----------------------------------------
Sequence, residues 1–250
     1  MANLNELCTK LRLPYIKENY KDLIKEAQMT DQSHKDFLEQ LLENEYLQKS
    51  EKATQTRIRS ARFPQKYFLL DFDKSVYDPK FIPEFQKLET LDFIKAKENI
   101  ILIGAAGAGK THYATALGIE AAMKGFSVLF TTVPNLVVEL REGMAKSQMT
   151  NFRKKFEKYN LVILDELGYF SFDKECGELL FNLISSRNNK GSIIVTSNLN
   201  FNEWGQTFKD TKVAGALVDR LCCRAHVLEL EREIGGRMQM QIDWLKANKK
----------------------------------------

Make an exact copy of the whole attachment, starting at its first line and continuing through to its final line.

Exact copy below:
Sequence, residues 1–250
     1  MANLNELCTK LRLPYIKENY KDLIKEAQMT DQSHKDFLEQ LLENEYLQKS
    51  EKATQTRIRS ARFPQKYFLL DFDKSVYDPK FIPEFQKLET LDFIKAKENI
   101  ILIGAAGAGK THYATALGIE AAMKGFSVLF TTVPNLVVEL REGMAKSQMT
   151  NFRKKFEKYN LVILDELGYF SFDKECGELL FNLISSRNNK GSIIVTSNLN
   201  FNEWGQTFKD TKVAGALVDR LCCRAHVLEL EREIGGRMQM QIDWLKANKK